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Entries in film (11)

Sunday
Jan192014

Film | Wangechi Mutu + Santigold 'The End of Eating Everything' 

AOC introduces the enormously talented Nairobi-born, Brooklyn artist Wangechi Mutu, whose short film ‘The End of Eating Everything’ premiers this week at Sundance. Her stunning collages are on view at the Brooklyn Museum until March 9, 2014. Read more in GlamTribale blog.

“The End of Eating Everything” is an excerpt of artist Wangechi Mutu’s first animated video, created in collaboration with recording artist Santigold and co-released by the Nasher Museum of Art at Duke University and MOCAtv on YouTube.

The 8-minute video, “The End of eating Everything,” marks the journey of a flying, planet-like creature navigating a bleak skyscape. This “sick planet” creature is lost in a polluted atmosphere, without grounding or roots, led by hunger towards its own destruction. The animation’s audio, also created by Mutu, fuses industrial and organic sounds.

“The End of Eating Everything” was commissioned by the Nasher Museum of Art at Duke University as part of the new exhibition “Wangechi Mutu: A Fantastic Journey,” the first survey in the United States for this internationally renowned, multidisciplinary artist, and her most comprehensive and innovative show yet. “The End of eating Everything” can be viewed in person at the Nasher Museum through July 21, 2013, and at the Brooklyn Museum from October 11, 2013-March 9, 2014.

Wangechi Mutu + Santigold Interview about ‘The End of Eating Everything’

Thursday
Nov282013

Requiem By Paul de Luna: Learning To Forgive Oneself

Requiem - A short film by Paul de Luna from Paul de Luna on Vimeo.

Happy Thanksgiving to all our American friends. As usual, your Anne is the madhatter running around saying “I’m late, I’m late … for a very important date.” Actually, I’m never late by the clock, but feeling like the madhatter is for real.

Although we’re technically not late, Feanne and I sure are taking our sweet time posting our joint article on Paul de Luna’s wonderful editorial ‘Samsara’.

In draft form, Feanne opened with “In the beginning, according to a Native American creation myth, there was a woman who fell from the hole in the sky. In fact, she had been ill, and it was an angry man who had kicked her down that hole, sending her plunging into this world.”

My response was “no, no … we want to open with the strong goddesses who then went into battle with male ones. This is the true story of women’s history. With the rise of patriarchal power, indeed women were kicked out of the sky and just about every other place on earth. But in the beginning, write David Leeming and Jake Page:

Curled into a sphere, She lets the mountains rise along Her spine, lets the rising and falling waters seep into Her folds, and here brings forth the swirl of creatures, pulsing sap and blood, the manifold panoply of form, to be and to cease to be under the revolving heavens and the rising, falling, growing, dying, mischievous moon.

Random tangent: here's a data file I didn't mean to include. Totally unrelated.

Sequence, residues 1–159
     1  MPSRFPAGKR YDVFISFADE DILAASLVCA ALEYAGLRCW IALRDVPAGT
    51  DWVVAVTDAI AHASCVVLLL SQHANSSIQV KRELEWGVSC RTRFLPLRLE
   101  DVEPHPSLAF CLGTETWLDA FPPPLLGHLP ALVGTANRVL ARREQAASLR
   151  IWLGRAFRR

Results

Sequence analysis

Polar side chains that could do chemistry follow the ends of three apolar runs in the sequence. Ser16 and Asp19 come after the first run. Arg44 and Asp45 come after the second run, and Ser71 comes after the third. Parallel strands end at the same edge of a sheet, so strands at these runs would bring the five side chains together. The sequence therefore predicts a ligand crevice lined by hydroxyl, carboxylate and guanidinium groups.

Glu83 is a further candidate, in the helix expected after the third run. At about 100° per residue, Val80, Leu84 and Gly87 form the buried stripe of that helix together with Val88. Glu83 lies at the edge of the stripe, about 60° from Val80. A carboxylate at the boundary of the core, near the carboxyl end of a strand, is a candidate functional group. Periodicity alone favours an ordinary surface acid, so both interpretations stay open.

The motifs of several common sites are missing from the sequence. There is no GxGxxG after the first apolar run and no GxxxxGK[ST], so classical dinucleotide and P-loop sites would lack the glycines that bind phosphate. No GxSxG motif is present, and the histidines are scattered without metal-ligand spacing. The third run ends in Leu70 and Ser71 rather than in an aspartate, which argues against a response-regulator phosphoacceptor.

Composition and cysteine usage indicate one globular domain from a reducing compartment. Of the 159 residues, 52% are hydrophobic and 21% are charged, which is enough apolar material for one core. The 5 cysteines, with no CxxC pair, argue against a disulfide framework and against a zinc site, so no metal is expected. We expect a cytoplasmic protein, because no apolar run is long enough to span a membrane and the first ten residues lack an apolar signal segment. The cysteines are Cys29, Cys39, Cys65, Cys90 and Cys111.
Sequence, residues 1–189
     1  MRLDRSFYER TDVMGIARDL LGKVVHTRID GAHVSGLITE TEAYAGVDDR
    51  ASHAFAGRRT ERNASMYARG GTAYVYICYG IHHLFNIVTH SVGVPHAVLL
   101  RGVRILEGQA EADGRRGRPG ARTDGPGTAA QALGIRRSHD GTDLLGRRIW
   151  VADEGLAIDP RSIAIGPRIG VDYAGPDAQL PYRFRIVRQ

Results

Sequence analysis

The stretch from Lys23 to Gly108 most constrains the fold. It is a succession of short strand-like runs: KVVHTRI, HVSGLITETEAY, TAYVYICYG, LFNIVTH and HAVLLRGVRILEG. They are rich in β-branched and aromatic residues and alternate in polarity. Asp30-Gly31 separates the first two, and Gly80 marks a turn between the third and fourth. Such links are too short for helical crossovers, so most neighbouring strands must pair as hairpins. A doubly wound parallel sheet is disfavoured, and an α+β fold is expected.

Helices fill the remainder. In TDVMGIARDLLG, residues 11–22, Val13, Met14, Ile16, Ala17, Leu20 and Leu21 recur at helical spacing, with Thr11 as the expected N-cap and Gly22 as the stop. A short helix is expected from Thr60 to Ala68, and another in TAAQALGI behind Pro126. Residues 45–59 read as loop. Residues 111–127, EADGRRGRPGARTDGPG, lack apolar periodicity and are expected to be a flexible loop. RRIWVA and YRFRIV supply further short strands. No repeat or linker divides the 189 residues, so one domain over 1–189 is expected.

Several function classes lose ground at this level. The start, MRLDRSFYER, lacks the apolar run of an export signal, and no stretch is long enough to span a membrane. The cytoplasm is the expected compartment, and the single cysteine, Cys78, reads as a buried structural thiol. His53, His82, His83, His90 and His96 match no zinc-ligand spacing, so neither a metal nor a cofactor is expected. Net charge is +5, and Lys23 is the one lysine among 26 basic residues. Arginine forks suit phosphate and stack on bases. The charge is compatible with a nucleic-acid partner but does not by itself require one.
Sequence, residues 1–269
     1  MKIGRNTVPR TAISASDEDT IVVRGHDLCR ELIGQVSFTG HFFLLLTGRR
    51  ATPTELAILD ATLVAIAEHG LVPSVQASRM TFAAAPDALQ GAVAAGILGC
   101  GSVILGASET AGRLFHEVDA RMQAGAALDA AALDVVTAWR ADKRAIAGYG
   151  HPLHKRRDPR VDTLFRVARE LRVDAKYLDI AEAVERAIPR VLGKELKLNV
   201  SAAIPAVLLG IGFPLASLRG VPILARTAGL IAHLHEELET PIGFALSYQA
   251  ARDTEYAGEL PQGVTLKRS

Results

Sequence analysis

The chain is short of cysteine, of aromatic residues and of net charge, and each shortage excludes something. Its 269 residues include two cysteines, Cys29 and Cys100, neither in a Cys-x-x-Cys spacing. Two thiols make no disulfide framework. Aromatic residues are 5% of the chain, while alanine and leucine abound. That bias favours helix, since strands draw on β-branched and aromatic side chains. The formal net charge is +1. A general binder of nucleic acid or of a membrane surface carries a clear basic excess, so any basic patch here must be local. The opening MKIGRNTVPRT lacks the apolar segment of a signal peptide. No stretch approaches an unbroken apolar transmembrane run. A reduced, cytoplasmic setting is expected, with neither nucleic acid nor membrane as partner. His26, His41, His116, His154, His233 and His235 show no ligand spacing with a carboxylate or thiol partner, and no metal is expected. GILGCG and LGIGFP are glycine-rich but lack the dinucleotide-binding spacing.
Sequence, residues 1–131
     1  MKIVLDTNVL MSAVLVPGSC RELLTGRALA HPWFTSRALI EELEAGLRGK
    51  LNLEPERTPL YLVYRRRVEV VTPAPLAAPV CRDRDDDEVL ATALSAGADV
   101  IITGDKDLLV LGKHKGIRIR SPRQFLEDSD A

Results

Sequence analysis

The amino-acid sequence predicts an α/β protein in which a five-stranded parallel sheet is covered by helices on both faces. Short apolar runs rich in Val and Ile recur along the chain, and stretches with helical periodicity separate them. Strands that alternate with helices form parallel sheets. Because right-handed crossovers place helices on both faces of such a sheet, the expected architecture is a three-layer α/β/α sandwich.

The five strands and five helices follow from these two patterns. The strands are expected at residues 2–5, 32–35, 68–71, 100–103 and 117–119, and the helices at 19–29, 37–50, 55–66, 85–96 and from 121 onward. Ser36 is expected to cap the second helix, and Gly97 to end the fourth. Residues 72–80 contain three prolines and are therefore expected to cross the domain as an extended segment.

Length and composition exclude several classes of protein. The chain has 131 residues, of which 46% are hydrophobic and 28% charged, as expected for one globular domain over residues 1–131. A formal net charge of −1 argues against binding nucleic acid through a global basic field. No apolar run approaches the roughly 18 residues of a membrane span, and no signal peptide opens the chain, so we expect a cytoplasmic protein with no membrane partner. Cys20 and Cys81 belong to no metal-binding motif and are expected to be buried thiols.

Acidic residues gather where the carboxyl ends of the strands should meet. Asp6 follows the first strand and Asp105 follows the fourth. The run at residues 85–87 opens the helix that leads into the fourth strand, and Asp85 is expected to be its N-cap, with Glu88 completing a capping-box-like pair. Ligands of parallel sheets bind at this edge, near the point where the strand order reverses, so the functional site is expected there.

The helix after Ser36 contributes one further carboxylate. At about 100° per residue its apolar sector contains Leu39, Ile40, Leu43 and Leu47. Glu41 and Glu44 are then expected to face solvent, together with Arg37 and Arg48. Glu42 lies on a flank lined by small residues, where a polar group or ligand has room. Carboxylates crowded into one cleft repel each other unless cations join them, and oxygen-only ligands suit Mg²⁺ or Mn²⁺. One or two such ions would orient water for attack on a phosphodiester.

She bestows on Her creation the gift of story — stories of motion, aroma, color, texture, sound, word — by which She can be known in her infinite variety and shimmering singularity: the fecund urge, the primal prophetess, the Great Goddess, giver and taker of all. Earth Goddess as life itself.

Pulling the film ‘Samsara’ off Vimeo, I stopped to watch Paul de Luna’s critically-acclaimed film ”Requiem’, a “short film about learning to forgive yourself.”

Mesmerized and touched by ‘Requiem’, I sent it to a dear friend of mine, presently on the high seas off South Africa.  Having reminded us this morning that women suffer from two-thirds of all anxiety disorders, the young woman’s words in ‘Requiem’ should be shared as a modern, immediate life message but also one that dwells on the story of women’s history and man’s decision to dominate nature.

Read Self Love Is The Best Beauty Lotion Of All Time For Glowing Skin & A Happy Smile.

Paul de Luna’s ‘Narcissus’ will appear in all its glory early next week. Until then, Anne Madhatter Enke wishes you all a wonderful holiday season. Be sure to breathe deeply and take time to smell the roses. I promise to follow my own advice. ~ Anne

Sunday
Dec232012

Film | Meghan Collison Stars in Jason Last's 'Scalpel/Stradivarius' with Violinist Sarah Neufeld

The video by Jason Last and Jaime Rubiano starring Arcade Fire violinist, with Meghan Collison won the TheCorner Prize presented at ASVOFF, A Shaded View On Fashion Film, held in October at the Pompidou Centre in Paris.

The video, produced by Vogue.it in two phases, in New York and Paris, carrying out an experimentation that starts from music and culminatesd with fashion: details of couture outfits, fabric used as elements for the set, hair styling as metamorphosis. To go back reflecting on music. And precisely on the notes of Sarah Neufeld, the well-known Canadian violinist and member of band Arcade Fire & The Bell Orchestre who besides playing the music, composed expressly for the film, also appears in the short film playing a graphite violin. Also Canadian is the other female lead in Scalpel/Stradivarius, model Meghan Collison, who has graced the cover of Vogue Italia twice (October 2007 and June 2009).